When evaluating printers, you should keep the following issues in mind:
Printer resolution: Resolution is usually measured in dots per inch (dpi). This indicates the number of vertical and horizontal dots that can be printed; the higher the resolution, the better the print quality.
Speed: This is usually given in pages printed per minute, where the page consists of plain text with five percent of the printable page covered in ink or toner.
Graphics and printer-language support: If the device is used to print graphics, it should support one or more of the popular printer languages, such as Adobe PostScript and Hewlett Packard's LaserJet PCL (Printer Control Language).
Paper capacity: The number and types of paper trays available, the number of pages that can be placed in them, and the sizes of pages that can be printed all vary widely among printers. Some smaller units hold as few as 10 sheets, while high-volume network printers hold several reams in different sizes. Some printers can also be set to automatically choose which tray to use based on the type of paper best suited for a job.
Duty Cycle: This is the number of sheets of paper the printer is rated to print per month. It is based on a plain-text page with five percent coverage and does not include graphics.
Printer memory: Laser printers that will be used to print complex graphics and full-color images require larger amounts of memory than those which print simple text only. In many cases, this memory can be added as an option.
Cost of paper: Will a printer require special paper? Some printers must use special paper to produce high-quality (photo-quality) images or even good text. Some paper stocks are too porous for ink-jet printers and will cause the ink to smear or distort, causing a blurred image.
Cost of consumables: When comparing the cost of various printers, be sure to calculate and compare the total cost per page for printing, rather than just the cost of a replacement ink or toner cartridge.
Common Printer Terms
You should familiarize yourself with these basic terms used with printer communication:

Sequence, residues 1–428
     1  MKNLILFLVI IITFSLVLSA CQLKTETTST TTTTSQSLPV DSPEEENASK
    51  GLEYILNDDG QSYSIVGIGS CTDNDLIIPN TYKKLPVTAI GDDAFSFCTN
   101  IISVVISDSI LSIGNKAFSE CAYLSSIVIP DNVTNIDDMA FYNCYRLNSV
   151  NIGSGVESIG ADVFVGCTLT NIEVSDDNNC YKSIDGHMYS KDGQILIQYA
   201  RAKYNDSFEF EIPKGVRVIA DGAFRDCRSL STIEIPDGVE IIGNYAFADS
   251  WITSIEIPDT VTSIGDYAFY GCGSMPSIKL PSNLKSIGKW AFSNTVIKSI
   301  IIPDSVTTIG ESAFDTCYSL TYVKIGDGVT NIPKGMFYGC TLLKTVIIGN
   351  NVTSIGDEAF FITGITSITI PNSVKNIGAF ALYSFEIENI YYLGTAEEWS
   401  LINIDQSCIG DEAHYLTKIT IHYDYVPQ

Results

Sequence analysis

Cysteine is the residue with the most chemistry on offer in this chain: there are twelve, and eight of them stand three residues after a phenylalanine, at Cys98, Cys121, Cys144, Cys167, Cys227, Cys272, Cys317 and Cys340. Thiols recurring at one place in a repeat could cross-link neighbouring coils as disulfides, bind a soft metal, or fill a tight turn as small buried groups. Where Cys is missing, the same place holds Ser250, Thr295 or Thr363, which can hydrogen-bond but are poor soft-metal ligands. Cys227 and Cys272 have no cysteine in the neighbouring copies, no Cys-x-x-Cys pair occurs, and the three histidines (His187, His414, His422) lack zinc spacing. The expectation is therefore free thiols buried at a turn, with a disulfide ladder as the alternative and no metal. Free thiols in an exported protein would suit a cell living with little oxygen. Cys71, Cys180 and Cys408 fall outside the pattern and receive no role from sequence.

ASCII (American Standard Code for Information Interchange): A standard code representing characters as numbers, used by most computers and printers.
Font: A collection of characters and numbers in a given size, usually expressed in style name and size, and expressed in points (pts.)-for example, Times Roman 10 pt. bold (One point equals 1/72 inch.) Although many people think that bold and italic are variations of the same font, technically they are different fonts. Some printers are sold with limited fonts, such as bold only or no-bold varieties of the typefaces.
LPT (Line Printer Terminal) Port: Term that describes parallel printer ports on a computer.
PCL: Hewlett-Packard's printer-control language for printers.
PostScript: The most common page-description language (PDL). A method of describing the contents of a page as scalable elements, rather than bitmapped pixels on the page. The printer is sent a plain ASCII file containing the PostScript program; the PostScript interpreter in the printer makes the conversion from scale to bitmap at print time.
Resolution Enhancement: Technology that improves the appearance of images and other forms of graphics by using such techniques as modifying tonal ranges, improving halftone placement, and smoothing the jagged edges of curves.
Portrait: The vertical orientation of printing on a piece of paper so that the text or image is printed across the 8.5-inch width of the paper.
Landscape: The horizontal orientation of printing on a piece of paper so that the text or image is printed across the 11-inch width of the paper.
Duplexing: The ability to print on both sides of a page. This cuts operating costs and allows users to create two-sided documents quickly.